Friday, December 4, 2009

Scrap the Maritime Strategy?

I believe it may be time for the Navy to scrap "A Cooperative Strategy for 21st Century Seapower", or at least begin a thorough, publicly announced review of the assumptions and conclusions it reaches. This may sound odd coming from the worker-bee most closely associated with that strategy's development and defense (and from the guy with the most to lose if the strategy is cast aside--I mean--there are guys in DC associated with the 1980's strategy who've been dining out on that one for DECADES!), but intellectual honesty compels me to make this case.

I've been reading House of Cards: A Tale of Hubris and Wretched Excess on Wall Street recently. In the book, the unraveling of Wall Street firm Bear Stearns over the course of about ten days in March of 2008 is dissected. It's a fascinating read, and instructive of just how fast things happened and how completely caught unaware much of the leadership of the firm was.

I think about this now because CS 21 was released to an international audience of CEO's about a month after the S&P 500 reached its all time high (when those folks at Bear Sterns were thought to be geniuses by some). All the big thinkers were predicting that China would someday pass the US in economic might, but those forecasts were far in the distance. And while most of the people associated with the strategy felt that the Bush defense buildup was over and we'd likely be in an era of flat defense budgets, bets that the defense budget would fall--and fall precipitously--were not being made. Don't get me wrong--we did think about these things through a fascinating process of alternative futures development and strategic "stress testing" against these envisioned futures--but in the end, the strategy placed its bets squarely on a world in which the Navy would 1) concentrate combat power where it currently does and 2) distribute mission tailored forces in non-traditional operating areas in non-traditional roles. These employment schemes most effectively supported the strategic ends of the document, and at a high level of abstraction, we were confident that the country could support them financially even within flat-lined budgets.

Our current Undersecretary of the Navy (Bob Work) and I used to have friendly but pointed discussions about CS21--our last one two days before his nomination was announced. He called it a "strategic vision" rather than a strategy--largely because it didn't have a force structure/resource component. A line that he used that I think I remember correctly was "strategy without resources is dreaming out loud" or something to like that. He believed (rightly) that the Navy necessary to carry out the strategy we articulated would be bigger than the one we had--and that we couldn't afford the one we were already planning. I counter-argued that we can't afford it because we hadn't made a case for change---that the strategy makes that case and that it was now the job of leadership to challenge the prevailing allocation of resources to the Services in the annual budget process. We agreed to disagree--he went on to be Undersecretary of the Navy and I blog in my bunny-slippers. But I digress.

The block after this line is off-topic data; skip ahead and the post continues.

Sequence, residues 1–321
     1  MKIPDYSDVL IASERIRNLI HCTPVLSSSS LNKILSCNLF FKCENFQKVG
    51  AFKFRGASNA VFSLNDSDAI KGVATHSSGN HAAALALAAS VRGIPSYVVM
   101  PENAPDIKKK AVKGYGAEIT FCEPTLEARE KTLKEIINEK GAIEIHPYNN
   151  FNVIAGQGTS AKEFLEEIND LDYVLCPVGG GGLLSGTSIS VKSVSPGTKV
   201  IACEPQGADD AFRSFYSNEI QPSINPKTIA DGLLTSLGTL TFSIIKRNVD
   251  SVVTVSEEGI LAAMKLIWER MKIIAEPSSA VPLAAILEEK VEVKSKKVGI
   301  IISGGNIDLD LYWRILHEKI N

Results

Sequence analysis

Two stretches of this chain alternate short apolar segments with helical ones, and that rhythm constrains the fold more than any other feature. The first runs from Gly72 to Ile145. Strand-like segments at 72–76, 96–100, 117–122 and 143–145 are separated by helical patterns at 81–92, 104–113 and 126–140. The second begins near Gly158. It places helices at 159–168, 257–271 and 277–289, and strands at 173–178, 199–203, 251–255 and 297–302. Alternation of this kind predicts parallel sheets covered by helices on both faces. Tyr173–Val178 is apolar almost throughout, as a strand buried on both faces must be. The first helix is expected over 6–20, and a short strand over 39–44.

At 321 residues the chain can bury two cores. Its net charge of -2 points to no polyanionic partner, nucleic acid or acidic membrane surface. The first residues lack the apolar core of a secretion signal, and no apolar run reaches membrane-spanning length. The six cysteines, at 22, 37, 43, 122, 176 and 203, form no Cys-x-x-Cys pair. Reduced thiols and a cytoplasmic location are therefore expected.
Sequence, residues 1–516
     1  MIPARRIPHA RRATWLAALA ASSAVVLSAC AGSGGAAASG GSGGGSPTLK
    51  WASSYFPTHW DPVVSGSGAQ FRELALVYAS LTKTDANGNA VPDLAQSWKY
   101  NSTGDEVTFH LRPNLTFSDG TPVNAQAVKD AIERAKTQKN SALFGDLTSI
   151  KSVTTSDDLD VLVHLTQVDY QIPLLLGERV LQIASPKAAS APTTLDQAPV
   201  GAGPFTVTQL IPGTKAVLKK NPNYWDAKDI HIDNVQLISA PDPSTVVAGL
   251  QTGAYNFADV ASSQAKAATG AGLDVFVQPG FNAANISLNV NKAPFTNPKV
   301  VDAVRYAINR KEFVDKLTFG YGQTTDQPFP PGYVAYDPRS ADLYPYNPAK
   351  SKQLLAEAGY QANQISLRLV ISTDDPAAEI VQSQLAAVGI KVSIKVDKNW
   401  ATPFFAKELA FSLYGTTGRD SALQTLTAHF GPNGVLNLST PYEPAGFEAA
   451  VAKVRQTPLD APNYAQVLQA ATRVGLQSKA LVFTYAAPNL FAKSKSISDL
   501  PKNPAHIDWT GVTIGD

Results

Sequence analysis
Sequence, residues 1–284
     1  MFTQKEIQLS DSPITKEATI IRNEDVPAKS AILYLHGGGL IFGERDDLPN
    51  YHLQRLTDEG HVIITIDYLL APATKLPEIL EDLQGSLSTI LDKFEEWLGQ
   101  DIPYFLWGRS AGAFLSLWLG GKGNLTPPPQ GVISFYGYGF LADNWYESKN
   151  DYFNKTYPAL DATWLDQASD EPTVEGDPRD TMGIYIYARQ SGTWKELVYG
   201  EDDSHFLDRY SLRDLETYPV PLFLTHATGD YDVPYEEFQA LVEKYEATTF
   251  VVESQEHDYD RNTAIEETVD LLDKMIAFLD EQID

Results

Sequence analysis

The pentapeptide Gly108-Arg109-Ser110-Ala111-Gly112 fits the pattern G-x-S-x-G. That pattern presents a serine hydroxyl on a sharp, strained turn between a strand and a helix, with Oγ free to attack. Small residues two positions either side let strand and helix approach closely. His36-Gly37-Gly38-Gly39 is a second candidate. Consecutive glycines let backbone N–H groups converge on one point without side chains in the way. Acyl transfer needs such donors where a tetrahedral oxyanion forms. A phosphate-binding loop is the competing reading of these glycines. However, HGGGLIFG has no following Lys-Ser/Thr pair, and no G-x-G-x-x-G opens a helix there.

But here we are---a year plus after my conversation with Bob Work and two years after the release of the Maritime Strategy. World financial markets were crippled and trillions of dollars in wealth evaporated. The United States position in the world is somewhat different than it was in October of 2007, and its capacity to support the Navy articulated in that strategy--a long-shot even then (given the unseemliness of actually advocating in public for a larger budget share) has now been replaced by the sinking feeling that it can't support even the Navy that existed before CS 21. Flat-line defense budgets are clearly "dreaming out loud", given the dramatic recent increase in Federal deficits and debt, and the new Administration's determination to fund a number of domestic priorities in a time of economic contraction.

Which leaves me where I am. I'm not sure that CS21 is a valid strategy for a Navy that I believe is likely to suffer funding hits in the neighborhood of 25-30% in the coming years. This isn't a sense that the Navy is going to be picked on--quite the opposite. I think the Navy will be favored within this Administration, as the Obama team moves inexorably from primacy, to cooperative security to offshore balancing as its grand strategy vector of choice. We won't be able to afford the vision articulated in CS21 and we won't be able to afford a Navy that looks much like the Navy we have now.

The Navy (especially the CNO) is doing a great job articulating CS21 and our allies are genuinely energized by it and what it portends. But they will quickly grow disenchanted with us as the operational realities of declining budgets drive us away from cooperative security arrangements and toward selective engagement and offshore balancing. Much of the goodness in CS21 is bound up in missions/capabilities that we (in the good budget days) did episodically and spasmodically becoming regularized and budgeted for.

One of the greatest disappointments I had in my work on CS21 was coming to the realization that the Navy did not regularly and routinely engage in the intellectual effort that we were expending. VADM John Morgan--my boss at the time--went as far as to say that the Maritime Strategy should be reviewed and revised every two years. I think he got that right. And I think events in the world around us reinforce his wisdom.

Bryan McGrath

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